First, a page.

Current Market Review [PDF, 845KB]
Based on preliminary performance, Berkshire Taconic Community Foundation’s portfolio appreciated 1.5% in the fourth quarter. Over the course of the calendar year, it gained 7.3% and outperformed its benchmark by over 100 bps. Comparisons to the benchmark are favorable over all time periods ended December 31, 2016. Since inception in August 1999, the portfolio has generated an annualized return of 6.4%, outperforming a global blend of assets (65% MSCI AC World Index/35% Barclays Global Aggregate Index) by approximately 200 bps per year with substantially less volatility.
The surprise election of Donald Trump in November ignited a rally in risk assets, with domestic and emerging markets equities, as well as commodities and natural resources, posting significant gains in the quarter and year. As the market sought to anticipate the new administration’s policies, small cap domestically oriented stocks, financials and industrials outperformed. In contrast, health care and real estate stocks finished the quarter lower. After weakening in the third quarter, the U.S. dollar reversed course, serving as a headwind for U.S. investors in emerging markets and wiping out the gains to U.S.-based investors in developed markets. Yields and inflation expectations rose during the quarter, presaging tax cuts and increased public and private spending expected under a Trump administration. Additionally, the Federal Reserve moved forward with its second 25 bps rate hike in as many years, and indicated an increased likelihood of additional hikes in 2017. With interest rates rising across the yield curve, fixed income securities sold off broadly in the quarter but remained positive year-to-date. Natural resources, commodities and other inflation-sensitive assets appreciated in the quarter and year, providing a boost to diversified portfolios like Berkshire Taconic’s.
The foundation’s portfolio of global equities experienced slightly better results in the fourth quarter than the MSCI All Country World Index (1.5% vs. 1.2%), as the benefits of an overweighting of domestic equities helped offset the impact of some underperformance within the segment. Conversely, the portfolio’s international developed equities segment lost value in the quarter but proved a source of relative performance, with select managers outpacing their benchmarks. The foundation’s equity managers returned 7.6% over the course of the calendar year, keeping pace with the benchmark (7.9%) despite underperformance from select managers.
Hedge fund performance was mixed with long/short managers tending to lag the equity markets, while event-driven and distressed managers generally generated better results. In aggregate, the portfolio’s hedge fund managers advanced 2.1% in the quarter, exceeding the HFRI Fund of Funds Composite Index by over 100 bps. The segment generated a 7.7% return for the calendar year, materially outpacing the Index (0.7%). Generally, absolute return managers outperformed long/short managers who captured about 50% of the equity upside in 2016. Among absolute return strategies, distressed credit accounted for a significant portion of returns. Energy credit continued to provide a tailwind for distressed managers, as oil prices rose and many companies restructured their balance sheets in the second half of the year. Macro manager results varied greatly during the quarter. Sharp moves in currencies and commodities were troubling for trend-following and systematic trading strategies. However, many discretionary traders profited from the volatility in rates and currencies.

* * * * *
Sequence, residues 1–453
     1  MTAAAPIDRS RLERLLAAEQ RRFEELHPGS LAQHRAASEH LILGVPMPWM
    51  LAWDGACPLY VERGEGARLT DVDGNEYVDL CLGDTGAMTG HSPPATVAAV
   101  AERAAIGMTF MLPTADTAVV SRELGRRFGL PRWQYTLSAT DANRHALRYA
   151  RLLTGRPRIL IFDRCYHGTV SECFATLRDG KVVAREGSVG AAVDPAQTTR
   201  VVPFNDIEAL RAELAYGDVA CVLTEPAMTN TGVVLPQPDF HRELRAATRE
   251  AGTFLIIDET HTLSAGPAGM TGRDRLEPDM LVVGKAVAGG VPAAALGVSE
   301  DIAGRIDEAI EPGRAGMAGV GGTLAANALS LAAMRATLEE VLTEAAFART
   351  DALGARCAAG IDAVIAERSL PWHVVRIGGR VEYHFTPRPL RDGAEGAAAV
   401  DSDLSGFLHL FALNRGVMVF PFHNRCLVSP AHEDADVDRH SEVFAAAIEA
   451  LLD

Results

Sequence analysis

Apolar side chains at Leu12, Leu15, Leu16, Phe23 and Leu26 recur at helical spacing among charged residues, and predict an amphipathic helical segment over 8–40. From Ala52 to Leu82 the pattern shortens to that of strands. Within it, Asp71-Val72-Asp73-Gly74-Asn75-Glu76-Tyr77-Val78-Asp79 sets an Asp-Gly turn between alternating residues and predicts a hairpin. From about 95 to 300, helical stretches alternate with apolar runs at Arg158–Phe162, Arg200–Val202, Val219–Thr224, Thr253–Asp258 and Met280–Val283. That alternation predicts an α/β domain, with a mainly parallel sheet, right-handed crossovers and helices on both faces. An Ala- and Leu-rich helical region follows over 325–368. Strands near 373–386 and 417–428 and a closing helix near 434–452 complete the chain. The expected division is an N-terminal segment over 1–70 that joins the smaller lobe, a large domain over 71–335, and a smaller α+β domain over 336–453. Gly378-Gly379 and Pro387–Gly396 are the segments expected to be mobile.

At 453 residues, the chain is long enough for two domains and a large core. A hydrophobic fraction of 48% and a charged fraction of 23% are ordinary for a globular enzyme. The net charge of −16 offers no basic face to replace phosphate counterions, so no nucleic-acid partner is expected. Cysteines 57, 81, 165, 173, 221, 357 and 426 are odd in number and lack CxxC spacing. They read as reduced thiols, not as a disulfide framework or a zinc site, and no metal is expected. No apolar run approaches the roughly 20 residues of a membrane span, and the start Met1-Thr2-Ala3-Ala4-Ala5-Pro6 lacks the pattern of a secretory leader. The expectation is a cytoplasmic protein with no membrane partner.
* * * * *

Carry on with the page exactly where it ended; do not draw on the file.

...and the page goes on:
U.S. Treasury yields rose sharply following the election, returning to year-end 2015 levels after declining in the first half of the year. The yield curve steepened amid growing potential for expanded fiscal policies and rising inflation expectations. The portfolio’s sole credit manager, Dodge & Cox, navigated the quarter and calendar year well, finishing well above the benchmark in both periods.
Inflation expectations also rose following the election and due to widening breakeven levels, TIPS outperformed their nominal Treasury counterparts across the entire term structure during the quarter. The foundation’s position in the Vanguard Inflation-Protected Securities Fund proved to be a benefactor of these circumstances, although we remain underexposed to other real assets such as commodities, natural resources and real estate. The foundation has recently made a commitment to EnCap Partners, a private equity fund in the energy sector, and expects to benefit further from these changes in the coming year.
The foundation’s portfolio remains highly diversified and has been built for a variety of market conditions in an effort to generate long-term growth in excess of inflation and spending needs. While mindful of the market environment, the investment committee remains committed to the long-term, strategic management of portfolio assets, making modest adjustments to the asset allocation and underlying managers when necessary. The portfolio is highly liquid and well-positioned to take advantage of new opportunities as they are identified. *Total assets exceeded $121.6 million at December 31, 2016, with a distribution of 58.8% global public equity, 6.3% global private equity, 24.8% flexible capital, 1.1% inflation hedging, 7.2% global fixed income and 3.2% liquid capital.
For more information on the foundation’s investment performance and managers, please contact Vice President for Finance and Administration A. J. Pietrantone by email or at 413-229-0370.
**The Managed Pool benchmark is calculated as a weighted average of standard financial industry indices in each asset class and appropriate to individual managers based on objectives.